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NAYPYIDAW, Mar 7 — Hein Yar Zar grimaced as a tattoo artist etched onto his chest the features of his first love, a young protester whose death has become a symbol of resistance against Myanmar’s junta.
Mya Thwate Thwate Khaing was shot in the head during a demonstration in the capital Naypyidaw, becoming one of the coup’s first fatalities on February 19 after 10 days in hospital.
Her image has since become synonymous with the bloody fight to wrest power from the military, which toppled Myanmar’s civilian leader Aung San Suu Kyi and knocked the country off the path for democracy last month.
For 21-year-old Hein Yar Zar, the abrupt end to his girlfriend’s young life has filled him with resolve to keep protesting, even as he grieves.
“We had so many plans for this year. She died when her birthday was so near,” he told AFP.
“I got a tattoo of her portrait as I’m missing her — it’s a memory for us.”
Two days after she was shot, Mya Thwate Thwate Khaing turned 20 while unconscious in a hospital bed — an image shared by anti-coup demonstrators as they rallied on the streets.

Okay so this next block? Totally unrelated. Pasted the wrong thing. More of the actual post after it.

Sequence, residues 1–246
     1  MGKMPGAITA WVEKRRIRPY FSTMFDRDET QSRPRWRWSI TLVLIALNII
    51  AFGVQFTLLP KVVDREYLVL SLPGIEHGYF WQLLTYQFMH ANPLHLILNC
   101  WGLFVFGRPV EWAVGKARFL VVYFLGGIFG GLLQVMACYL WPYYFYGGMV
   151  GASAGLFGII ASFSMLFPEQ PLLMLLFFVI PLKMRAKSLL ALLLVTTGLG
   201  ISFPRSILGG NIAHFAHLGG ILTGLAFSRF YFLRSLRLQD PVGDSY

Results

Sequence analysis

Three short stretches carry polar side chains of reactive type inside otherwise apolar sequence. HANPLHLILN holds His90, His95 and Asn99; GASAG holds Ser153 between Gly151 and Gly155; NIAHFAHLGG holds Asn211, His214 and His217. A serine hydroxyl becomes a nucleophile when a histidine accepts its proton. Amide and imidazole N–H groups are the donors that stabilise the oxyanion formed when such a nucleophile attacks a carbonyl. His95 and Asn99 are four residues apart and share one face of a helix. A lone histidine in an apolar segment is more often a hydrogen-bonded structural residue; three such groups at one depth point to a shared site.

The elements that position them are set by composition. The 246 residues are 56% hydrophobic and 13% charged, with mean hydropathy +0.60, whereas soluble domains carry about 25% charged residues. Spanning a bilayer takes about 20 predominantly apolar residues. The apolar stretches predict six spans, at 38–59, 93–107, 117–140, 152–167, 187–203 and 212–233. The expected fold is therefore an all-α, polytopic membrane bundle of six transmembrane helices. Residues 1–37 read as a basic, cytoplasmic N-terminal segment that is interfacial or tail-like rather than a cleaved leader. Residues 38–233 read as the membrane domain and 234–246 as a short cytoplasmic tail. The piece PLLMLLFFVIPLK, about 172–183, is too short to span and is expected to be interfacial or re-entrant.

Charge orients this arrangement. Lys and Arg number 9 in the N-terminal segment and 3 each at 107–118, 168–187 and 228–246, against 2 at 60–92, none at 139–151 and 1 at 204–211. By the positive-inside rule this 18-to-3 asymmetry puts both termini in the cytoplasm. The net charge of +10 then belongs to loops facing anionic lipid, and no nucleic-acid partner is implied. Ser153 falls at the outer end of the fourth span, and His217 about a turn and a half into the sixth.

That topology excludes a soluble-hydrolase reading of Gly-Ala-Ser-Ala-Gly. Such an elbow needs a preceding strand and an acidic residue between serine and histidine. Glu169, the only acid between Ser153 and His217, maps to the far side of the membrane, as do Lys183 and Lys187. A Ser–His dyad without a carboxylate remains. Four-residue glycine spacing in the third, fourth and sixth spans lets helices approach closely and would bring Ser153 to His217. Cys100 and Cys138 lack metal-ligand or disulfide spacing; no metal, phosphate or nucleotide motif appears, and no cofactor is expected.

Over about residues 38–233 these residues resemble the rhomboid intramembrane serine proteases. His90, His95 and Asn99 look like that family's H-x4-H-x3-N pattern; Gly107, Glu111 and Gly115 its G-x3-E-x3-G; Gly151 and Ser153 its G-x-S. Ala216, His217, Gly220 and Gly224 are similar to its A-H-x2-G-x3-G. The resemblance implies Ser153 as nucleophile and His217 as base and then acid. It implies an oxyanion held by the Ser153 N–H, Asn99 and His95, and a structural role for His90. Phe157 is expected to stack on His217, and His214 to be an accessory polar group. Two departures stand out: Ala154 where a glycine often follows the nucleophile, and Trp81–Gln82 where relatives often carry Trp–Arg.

Days later, a 15-metre-long banner illustrating the moment she was hit was hung off a bridge in commercial hub Yangon, with some protesters describing her as a “martyr”.
Her death brought scathing global condemnation of the junta, with multiple countries imposing targeted sanctions on the generals.
Today, more than 50 people have died during protests as the security forces enforce an increasingly brutal crackdown on demonstrators.
“There was nobody like her,” said Hein Yar Zar.
He showed off an inking he had done years ago on his arm — “Together forever” — a poignant reminder of their youthful optimism.
‘I will keep fighting’
On February 9, the couple were both on the front lines of a massive Naypyidaw demonstration, although separated by the crowd of protesters.
“I sent her a message, ‘Please call me back’, because I had no credit on my phone, but she never did,” said Hein Yar Zar, who heard the news of her shooting from her sister.
“I stayed beside her at the hospital and I prayed every day that she would get better.”
The military initially said it was investigating her death, but state media later reported that an autopsy of her body showed the bullet was not fired by police officers.
Since her death, Hein Yar Zar’s life has been separated into moments filled with grief, anger and resolve.
Showing an earlier tattoo — “17.11.2015”, which commemorates their first date five years ago — he vowed to never forget her.
“She gave her life for this revolution — as her boyfriend, I will keep doing it for her,” he said.
“I will keep fighting for this revolution to win.” — AFP